Often described as a mountain straight out of a fantasy book, le Mont Cervin, also called Matterhorn, is the 12th highest peak in Western Europe and the 10th highest in Switzerland, topping at 4,478 meters. The mountain started its formation 100 million years ago when continental plates collided into each other, causing the ground to rise and giving the peak its unique shape. In fact, its picture may be familiar as the mountain gave its image to the famous Toblerone logo.
The Mont Cervin, also called Matterhorn, is a peak of the Alps Mountain range, which lies on the border between Switzerland and Italy. Although it is not the highest peak in the Alps – that honor goes to Mount Blanc – it is as well-known or more so owing to its shape. It consists of a nearly symmetrical pyramidal peak with four distinct sides facing almost precisely toward the north, south, east, and west of a compass. These faces are extremely steep and have made the monument particularly difficult to ascend to the top of.
The name of the mountain peak has changed over time and differs depending on which country one is in. The Matterhorn is derived from the terms of the two villages nearest the mountain, Mattertal, and Zermatt, but prior to this, it was known as Mons Silvius. This is a Latin name which probably originates in a Roman commander by the name of Silvius having led his men near the mountain at some point as the Romans were conquering this part of Europe in the second and first centuries BC. It is from this latter Roman name that the modern-day French and Italian names for the peak of Cervin and Cervino are derived.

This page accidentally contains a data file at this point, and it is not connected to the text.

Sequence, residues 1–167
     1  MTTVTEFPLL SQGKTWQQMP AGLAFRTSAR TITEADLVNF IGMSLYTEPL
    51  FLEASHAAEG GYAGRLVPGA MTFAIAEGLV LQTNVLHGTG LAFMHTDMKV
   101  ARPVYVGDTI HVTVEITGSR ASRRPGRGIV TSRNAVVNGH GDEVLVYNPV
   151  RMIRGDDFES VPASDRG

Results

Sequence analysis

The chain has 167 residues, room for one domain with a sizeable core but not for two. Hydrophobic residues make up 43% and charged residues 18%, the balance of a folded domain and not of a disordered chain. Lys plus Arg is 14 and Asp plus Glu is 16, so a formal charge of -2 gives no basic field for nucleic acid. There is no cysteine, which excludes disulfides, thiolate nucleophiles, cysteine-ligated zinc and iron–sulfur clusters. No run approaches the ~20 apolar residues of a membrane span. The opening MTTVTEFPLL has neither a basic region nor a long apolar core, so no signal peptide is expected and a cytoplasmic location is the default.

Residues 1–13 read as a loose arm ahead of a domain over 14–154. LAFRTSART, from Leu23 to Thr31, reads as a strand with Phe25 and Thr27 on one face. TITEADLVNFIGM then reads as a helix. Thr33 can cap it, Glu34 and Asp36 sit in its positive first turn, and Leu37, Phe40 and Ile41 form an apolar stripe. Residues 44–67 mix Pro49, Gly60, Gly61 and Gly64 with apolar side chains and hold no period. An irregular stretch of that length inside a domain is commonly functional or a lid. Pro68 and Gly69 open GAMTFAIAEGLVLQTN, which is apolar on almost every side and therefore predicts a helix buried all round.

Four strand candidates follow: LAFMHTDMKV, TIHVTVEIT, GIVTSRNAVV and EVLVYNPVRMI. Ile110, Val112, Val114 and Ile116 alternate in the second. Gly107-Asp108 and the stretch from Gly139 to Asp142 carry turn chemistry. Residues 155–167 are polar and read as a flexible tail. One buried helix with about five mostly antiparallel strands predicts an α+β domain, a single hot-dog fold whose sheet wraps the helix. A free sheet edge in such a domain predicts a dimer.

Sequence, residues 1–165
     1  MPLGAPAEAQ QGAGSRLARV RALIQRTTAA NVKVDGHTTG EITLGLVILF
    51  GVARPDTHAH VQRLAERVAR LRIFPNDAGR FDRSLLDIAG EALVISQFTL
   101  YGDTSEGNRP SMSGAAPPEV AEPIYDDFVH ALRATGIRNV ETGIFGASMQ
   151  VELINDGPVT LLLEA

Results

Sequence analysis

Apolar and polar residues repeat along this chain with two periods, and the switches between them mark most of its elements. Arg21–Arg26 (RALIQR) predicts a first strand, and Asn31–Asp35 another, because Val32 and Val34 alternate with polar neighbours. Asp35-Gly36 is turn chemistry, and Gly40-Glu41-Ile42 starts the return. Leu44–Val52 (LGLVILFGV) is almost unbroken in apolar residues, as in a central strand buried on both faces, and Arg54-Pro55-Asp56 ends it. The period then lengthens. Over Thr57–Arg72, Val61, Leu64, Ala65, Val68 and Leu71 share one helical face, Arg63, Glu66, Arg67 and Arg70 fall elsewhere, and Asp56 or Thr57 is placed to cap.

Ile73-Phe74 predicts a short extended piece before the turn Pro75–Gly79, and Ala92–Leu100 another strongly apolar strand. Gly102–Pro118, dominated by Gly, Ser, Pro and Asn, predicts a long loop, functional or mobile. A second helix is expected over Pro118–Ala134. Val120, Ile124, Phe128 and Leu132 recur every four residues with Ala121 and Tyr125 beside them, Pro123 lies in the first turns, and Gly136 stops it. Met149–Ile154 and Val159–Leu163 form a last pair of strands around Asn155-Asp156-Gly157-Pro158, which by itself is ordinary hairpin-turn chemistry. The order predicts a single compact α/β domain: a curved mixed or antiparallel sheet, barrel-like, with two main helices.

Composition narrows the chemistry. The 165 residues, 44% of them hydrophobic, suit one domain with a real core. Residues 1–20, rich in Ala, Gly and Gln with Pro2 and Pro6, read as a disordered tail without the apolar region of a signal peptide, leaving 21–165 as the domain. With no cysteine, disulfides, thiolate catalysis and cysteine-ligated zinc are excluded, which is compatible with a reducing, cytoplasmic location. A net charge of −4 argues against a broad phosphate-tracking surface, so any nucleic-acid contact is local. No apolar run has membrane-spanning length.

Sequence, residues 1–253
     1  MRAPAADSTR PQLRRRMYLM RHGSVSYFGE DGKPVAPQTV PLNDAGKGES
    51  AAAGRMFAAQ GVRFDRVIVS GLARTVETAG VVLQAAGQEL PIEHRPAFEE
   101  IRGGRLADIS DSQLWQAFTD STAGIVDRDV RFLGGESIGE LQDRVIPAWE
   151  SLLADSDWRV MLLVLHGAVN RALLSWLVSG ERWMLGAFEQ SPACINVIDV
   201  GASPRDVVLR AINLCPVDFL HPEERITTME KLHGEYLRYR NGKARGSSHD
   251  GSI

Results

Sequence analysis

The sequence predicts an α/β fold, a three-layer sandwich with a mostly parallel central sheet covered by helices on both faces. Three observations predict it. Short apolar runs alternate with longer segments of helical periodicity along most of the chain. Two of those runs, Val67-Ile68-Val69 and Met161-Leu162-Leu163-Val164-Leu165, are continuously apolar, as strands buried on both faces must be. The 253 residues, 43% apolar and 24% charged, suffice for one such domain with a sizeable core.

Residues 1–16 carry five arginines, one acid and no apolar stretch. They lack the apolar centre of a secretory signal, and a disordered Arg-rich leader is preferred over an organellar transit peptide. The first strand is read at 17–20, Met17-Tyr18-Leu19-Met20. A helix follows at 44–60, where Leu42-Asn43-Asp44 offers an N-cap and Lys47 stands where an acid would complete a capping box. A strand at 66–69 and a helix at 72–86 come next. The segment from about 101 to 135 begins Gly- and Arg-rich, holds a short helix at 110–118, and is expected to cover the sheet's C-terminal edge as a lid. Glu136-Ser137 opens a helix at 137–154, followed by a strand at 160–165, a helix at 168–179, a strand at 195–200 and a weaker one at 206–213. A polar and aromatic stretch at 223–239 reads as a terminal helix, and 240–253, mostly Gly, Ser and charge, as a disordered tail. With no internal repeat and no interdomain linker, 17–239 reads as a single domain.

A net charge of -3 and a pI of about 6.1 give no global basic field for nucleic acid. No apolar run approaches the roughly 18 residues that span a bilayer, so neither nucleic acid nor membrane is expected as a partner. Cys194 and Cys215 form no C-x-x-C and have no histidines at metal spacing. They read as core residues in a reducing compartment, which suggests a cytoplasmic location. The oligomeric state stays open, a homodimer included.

The Matterhorn is one of the most difficult mountains in Europe to ascend due to its sheer and steep mountain faces and the variable weather patterns around the monument. Abrupt weather changes can create very dangerous conditions for mountaineers. Consequently, the first significant efforts to ascend to the top of the peak were not made until the 1860s, and when they were they ended in failure and loss of life. Eventually, the north face was surmounted in 1931, and, somewhat incredibly, it took until 1962 before the west face, the steepest and highest of the four sides, to be climbed to the top. This was completed by Renato Daguin and Giovanni Ottin some nine years after Mount Everest had already been conquered by Edmund Hillary and Tenzing Norgay, a clear indication of how difficult it is to traverse the Matterhorn. Yet, with the advent of modern equipment, portable oxygen, and security apparatus, the monument is much easier and safer to climb than in times gone by. As a result, in the summertime today, when weather conditions generally permit, up to 150 mountaineers make the ascent each day.